It may sound as if I  am saying that parents should get a pass, now that it has been mandated that their child’s school is closed for the last 3 months of the academic year, but actually, I am just saying that parents deserve a little grace. Afterall, I went to school for several years to get my teaching credentials and I spent many hours studying “Best  Practices” to use in my classroom situations. Currently, even the parents who are very good at parenting, are not clear on all of the aspects of teaching and learning that may make up a regular school day. 

But as always, there is hope. Here are a few things that parents should consider, now that their children are home, and at school, at the same time. 

1. Don’t overwhelm yourself.

Make a realistic plan that works for the family. This may include a lot of the things that are being suggested by their teachers. There will be some work for them to do that perhaps must be completed at some specific point in time. Keep them accountable for those assignments. But if you miss something else along the way or are unable to complete a certain task, save it for another time.  That can happen to us at school, too, and we have a place for extra worksheets and activities that we keep for a rainy day.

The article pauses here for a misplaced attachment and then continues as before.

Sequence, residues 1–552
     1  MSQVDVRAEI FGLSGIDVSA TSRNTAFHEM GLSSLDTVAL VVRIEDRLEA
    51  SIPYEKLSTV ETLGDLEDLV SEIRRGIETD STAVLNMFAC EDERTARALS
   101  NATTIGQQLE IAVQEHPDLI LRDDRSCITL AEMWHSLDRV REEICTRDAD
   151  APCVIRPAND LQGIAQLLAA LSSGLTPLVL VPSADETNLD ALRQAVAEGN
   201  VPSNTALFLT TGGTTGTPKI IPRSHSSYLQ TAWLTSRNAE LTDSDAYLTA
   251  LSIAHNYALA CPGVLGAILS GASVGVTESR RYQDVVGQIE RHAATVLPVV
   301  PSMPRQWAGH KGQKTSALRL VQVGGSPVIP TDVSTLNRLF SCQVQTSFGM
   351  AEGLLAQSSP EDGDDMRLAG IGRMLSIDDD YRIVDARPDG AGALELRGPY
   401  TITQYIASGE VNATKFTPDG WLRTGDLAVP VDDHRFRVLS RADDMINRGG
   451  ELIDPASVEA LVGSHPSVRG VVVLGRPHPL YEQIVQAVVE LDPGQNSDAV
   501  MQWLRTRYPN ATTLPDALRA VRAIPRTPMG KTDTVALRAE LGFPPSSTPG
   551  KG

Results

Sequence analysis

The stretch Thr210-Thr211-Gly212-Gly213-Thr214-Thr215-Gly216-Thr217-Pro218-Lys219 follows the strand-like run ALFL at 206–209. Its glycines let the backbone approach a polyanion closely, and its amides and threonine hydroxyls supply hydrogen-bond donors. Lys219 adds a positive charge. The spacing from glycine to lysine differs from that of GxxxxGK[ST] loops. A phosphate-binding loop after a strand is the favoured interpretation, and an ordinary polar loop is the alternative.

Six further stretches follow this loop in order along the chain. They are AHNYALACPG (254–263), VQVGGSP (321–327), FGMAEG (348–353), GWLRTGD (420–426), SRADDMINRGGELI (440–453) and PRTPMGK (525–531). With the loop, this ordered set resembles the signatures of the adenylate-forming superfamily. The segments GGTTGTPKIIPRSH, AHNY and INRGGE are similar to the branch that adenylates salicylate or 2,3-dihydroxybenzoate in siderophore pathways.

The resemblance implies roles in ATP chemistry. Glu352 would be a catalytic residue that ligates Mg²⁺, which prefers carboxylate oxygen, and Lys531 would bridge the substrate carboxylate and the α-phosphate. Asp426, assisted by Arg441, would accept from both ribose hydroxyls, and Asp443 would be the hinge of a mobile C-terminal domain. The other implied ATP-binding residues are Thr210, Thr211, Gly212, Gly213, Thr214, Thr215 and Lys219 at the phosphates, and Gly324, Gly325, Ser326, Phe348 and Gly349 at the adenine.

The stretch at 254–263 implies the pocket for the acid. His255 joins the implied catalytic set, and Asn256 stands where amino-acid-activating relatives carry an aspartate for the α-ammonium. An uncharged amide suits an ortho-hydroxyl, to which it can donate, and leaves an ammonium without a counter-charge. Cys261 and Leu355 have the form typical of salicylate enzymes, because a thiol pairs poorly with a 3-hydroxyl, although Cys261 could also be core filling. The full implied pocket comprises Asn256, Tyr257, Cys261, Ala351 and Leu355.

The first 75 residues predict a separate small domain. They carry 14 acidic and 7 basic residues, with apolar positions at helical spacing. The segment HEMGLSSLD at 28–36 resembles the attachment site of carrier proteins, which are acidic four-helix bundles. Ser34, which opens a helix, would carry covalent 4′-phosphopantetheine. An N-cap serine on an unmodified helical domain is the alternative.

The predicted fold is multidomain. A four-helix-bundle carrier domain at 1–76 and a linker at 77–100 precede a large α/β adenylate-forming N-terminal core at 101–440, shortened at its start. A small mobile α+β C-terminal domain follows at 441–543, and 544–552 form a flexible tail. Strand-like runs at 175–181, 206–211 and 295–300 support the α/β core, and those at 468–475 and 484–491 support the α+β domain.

2. Teach life skills.

 Adding learning to real life activities is teaching. Depending on the age of your children, you can have them sort laundry, dishes, and silverware. Cooking together while following a recipe is also a great way to incorporate reading and measuring. They could even practice math by dividing snacks and other foods or discuss elapsed time using an analog clock and their schedules.

Photo by Dominika Roseclay from Pexels

3. Plan ahead

Take a look at some of the skills that are being taught and choose activities that might match what they need to learn. Do your best and be creative. 

4. Make learning fun.

I used to tell my class that I loved teaching, so I was always going to make my lessons interesting and fun for them, and, …. for me too.  But, I had a saying, “If you are not learning, I am not having fun.” When you are showing your child a skill or reading directions to them, put a smile on your face. When some word that you are reading makes you think of a funny joke, tell that joke. I give my students 3-5 seconds to laugh and then I snap my fingers and we come back to the learning. This will keep the mood light and it will let them feel comfortable in speaking freely, if they have questions because they don’t understand something.

5. Know your child.